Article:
‘No changes’ to which roads will be gritted in Devon this winter

Devon County Council (DCC) has confirmed that no changes will be made to the roads that will be gritted this winter.

A report set to go before the authority’s infrastructure and services watchdog next week outlines how the policy will be virtually identical to that delivered last year.

Only minor changes are being made to the primary salting network – where there have been changes to the highway.

Back in April, the council’s cabinet agreed that there should be discussions with health bosses to consider the possibility of amending its salting networks to include access to all Devon GP surgeries.

Meg Booth, chief officer for highways, infrastructure development and waste, says talks have since been held, but the Clinical Commissioning Group (CCG) has not yet provided any information to justify any changes.

“Therefore there will not be any changes this winter as the window of opportunity has passed,” her report adds.

The Primary Salting Network in Devon. Pictures: Devon County Council

The Primary Salting Network in Devon. Picture: Devon County Council

Devon’s Primary Salting Network

The Primary Salting Network is made up of the major routes where the majority of vehicle movements take place and also includes accesses to hospitals, ambulance stations, fire stations, other emergency services, railway stations, airports and secondary schools.

The length of the 37 routes which form the Primary Salting Network is 20 per cent of the road network, but it covers around 70 per cent of traffic and access to 80 per cent of Devon’s population.

It includes:

  • All A and B roads and C roads classified as high-speed routes;
  • Routes with February two-way flows greater than 1000 vehicles per day;
  • Main access route to settlements with a population of 500 or greater as provided by DCC’s Strategic Intelligence unit;
  • Main access route to 24-hour emergency services premises, defined as ’emergency premises with 24-hour access’, including: ambulance stations, full-time and retained fire stations, hospitals with 24-hour casualty departments and police stations manned 24 hours;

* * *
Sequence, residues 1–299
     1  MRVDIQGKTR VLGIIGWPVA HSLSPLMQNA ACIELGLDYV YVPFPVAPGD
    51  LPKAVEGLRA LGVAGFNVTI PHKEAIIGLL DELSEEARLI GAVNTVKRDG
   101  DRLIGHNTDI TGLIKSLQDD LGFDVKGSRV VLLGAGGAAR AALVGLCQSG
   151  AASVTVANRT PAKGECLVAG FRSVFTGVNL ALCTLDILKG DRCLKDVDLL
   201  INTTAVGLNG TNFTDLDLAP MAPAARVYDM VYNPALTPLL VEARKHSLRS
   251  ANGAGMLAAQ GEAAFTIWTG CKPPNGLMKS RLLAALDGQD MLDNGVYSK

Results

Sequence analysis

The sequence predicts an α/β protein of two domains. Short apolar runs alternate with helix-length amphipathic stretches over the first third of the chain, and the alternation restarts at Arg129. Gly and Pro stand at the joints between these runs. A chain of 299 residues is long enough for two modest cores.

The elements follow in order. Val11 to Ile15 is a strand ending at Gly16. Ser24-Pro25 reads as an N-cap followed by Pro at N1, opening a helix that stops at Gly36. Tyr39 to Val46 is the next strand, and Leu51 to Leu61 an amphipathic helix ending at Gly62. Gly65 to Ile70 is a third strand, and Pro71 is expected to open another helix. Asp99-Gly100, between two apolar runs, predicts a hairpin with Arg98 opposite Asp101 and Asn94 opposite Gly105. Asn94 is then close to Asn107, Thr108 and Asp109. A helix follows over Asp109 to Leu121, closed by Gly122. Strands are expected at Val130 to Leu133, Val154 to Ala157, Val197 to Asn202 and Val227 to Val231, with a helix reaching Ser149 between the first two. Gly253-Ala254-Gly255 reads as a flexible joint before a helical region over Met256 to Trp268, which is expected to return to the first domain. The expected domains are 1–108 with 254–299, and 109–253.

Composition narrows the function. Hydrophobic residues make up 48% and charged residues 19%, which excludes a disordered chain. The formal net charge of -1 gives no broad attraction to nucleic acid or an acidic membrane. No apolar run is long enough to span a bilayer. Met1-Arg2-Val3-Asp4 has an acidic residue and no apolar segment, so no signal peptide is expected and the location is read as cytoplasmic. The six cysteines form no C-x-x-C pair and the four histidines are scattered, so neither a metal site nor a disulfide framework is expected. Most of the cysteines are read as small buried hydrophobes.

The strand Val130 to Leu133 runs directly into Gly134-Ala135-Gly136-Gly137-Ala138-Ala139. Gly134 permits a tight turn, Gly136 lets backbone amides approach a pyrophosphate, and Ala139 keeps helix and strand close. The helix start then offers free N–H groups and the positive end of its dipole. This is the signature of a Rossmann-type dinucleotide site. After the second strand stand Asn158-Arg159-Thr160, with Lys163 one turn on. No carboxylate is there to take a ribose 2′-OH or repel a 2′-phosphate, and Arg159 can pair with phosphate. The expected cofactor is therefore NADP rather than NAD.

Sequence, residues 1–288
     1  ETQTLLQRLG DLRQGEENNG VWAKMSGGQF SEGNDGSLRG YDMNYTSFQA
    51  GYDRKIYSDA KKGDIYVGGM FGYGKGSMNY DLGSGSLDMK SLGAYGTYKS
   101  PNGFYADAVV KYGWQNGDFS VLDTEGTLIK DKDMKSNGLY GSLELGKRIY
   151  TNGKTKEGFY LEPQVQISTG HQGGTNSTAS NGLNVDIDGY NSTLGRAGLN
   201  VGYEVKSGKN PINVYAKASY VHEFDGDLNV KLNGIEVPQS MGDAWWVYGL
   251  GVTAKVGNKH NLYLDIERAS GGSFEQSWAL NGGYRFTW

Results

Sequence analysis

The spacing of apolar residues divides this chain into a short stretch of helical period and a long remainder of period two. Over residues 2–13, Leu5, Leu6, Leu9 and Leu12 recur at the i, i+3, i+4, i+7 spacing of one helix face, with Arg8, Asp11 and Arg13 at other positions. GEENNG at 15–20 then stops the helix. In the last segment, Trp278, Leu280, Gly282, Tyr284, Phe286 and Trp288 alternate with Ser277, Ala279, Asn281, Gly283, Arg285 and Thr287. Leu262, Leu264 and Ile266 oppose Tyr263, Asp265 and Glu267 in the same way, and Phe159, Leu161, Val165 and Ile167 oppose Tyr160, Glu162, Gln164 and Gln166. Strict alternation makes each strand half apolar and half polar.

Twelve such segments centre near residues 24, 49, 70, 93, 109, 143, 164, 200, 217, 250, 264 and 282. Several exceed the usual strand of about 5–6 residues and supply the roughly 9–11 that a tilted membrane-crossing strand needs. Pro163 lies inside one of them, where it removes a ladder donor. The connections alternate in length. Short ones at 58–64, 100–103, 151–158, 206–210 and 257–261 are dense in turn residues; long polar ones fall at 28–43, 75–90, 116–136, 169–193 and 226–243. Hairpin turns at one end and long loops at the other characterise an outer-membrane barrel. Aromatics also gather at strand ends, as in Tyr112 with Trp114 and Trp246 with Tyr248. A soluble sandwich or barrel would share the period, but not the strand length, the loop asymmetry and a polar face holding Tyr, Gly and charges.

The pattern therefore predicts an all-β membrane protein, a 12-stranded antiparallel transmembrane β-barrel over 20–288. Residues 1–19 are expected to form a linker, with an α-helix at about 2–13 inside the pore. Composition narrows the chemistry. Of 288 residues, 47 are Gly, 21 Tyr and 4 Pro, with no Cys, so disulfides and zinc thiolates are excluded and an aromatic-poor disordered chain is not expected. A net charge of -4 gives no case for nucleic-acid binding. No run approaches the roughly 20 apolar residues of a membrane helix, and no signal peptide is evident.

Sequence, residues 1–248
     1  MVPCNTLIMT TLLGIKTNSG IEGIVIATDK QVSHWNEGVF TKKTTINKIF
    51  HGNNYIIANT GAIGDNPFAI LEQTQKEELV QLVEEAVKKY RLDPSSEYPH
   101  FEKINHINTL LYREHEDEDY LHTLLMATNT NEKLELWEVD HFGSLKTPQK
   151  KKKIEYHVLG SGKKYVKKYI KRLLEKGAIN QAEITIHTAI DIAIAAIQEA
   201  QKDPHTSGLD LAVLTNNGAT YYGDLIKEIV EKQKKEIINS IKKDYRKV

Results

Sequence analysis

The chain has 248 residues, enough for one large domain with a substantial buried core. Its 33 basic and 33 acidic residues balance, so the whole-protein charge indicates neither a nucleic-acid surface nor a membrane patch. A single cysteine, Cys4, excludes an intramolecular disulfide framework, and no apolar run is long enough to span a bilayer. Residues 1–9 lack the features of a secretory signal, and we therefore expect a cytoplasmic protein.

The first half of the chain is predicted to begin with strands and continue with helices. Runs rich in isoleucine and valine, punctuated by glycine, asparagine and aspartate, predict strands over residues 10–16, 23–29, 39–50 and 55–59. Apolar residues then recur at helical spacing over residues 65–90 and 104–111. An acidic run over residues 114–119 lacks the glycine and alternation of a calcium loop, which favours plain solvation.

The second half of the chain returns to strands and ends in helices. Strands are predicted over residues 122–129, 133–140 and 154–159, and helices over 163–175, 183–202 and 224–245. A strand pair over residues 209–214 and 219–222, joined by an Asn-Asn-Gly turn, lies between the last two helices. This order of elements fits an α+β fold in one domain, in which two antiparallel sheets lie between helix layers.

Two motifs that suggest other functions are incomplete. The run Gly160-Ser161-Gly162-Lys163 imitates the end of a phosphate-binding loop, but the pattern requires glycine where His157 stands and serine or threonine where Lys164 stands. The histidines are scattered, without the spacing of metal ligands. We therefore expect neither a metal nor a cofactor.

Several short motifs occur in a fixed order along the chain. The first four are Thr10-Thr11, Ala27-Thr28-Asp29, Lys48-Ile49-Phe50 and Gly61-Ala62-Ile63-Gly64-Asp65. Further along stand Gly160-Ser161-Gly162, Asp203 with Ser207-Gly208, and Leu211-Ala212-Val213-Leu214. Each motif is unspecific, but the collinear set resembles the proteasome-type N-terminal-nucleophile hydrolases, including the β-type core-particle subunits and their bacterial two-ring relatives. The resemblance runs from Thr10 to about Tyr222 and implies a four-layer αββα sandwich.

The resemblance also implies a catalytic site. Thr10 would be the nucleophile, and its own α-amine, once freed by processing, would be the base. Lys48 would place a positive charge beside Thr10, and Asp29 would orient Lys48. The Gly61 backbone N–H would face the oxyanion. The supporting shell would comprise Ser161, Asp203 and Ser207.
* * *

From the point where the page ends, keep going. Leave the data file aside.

• Main highway access route to strategic cottage and community hospitals as notified to the authority by
  • Devon Primary Care Trust;
  • Main highway access to secondary schools;
  • Bus routes with a service interval of at least 15 minutes within any one hour of the day, in one direction of travel or where a combination of multiple bus services meet this criteria;
  • Main highway access to regional airports;
  • Main highway access to mainline and branch line railway stations;
  • Agreement to ensure consistency of action across boundaries;
  • The bus loop of Park and Ride sites.

The cabinet had also called for DCC to work with Devon and Cornwall Police, CCGs, hospital trusts and ‘Devon & Cornwall 4×4 Response’ to promote and encourage individuals with access to 4x4s to join organised response groups.

But the report says that a coordinated approach to encourage potential membership of organised 4×4 groups has not yet been developed.

Instead, tweets to direct individuals with suitable vehicles towards Devon and Cornwall’s 4×4 response have been sent, but no information on possible take-up is yet known.

Another recommendation that the cabinet made was to launch a consequences-based public education campaign around the risks of driving in snow and extreme weather and to work with professional partners to better educate the public.

It came after a task group was set up to examine DCC’s current winter service policy and gritting regime in light of 2018’s adverse weather conditions across the county, including the Beast from the East.

It found that members of the public ignored the widespread and accurate warnings from weather forecasters and the media about the dangers of driving in such conditions.

This resulted in vehicles becoming stranded and an increased risk to the public and emergency services and other workers

Mrs Booth’s report says: “The road safety team are currently working with many partner agencies to establish a peninsula-wide road safety partnership that should be able to tackle these types of issues, and once established, this task will be one of the areas that they will consider.”

Concerns had also been raised by the cabinet about gritting of cycle paths.

Roads which receive over 1,000 vehicles per day are gritted, but the highest-use cycle paths in Exeter are the Haven Banks and Riverside Valley Park routes, which according to January 2018 data, receive an average of 613 and 586 cycle journeys a day respectively during winter.

Thus is lower than the minimum requirement for roads to be treated.

The report says that the numbers will be monitored this winter and then reviewed.

The report will be discussed by the Corporate, Infrastructure and Regulatory Services Scrutiny Committee on Tuesday.

McDonald’s drive-thru and A30 service station on outskirts of Ottery St Mary on verge of netting go-ahead

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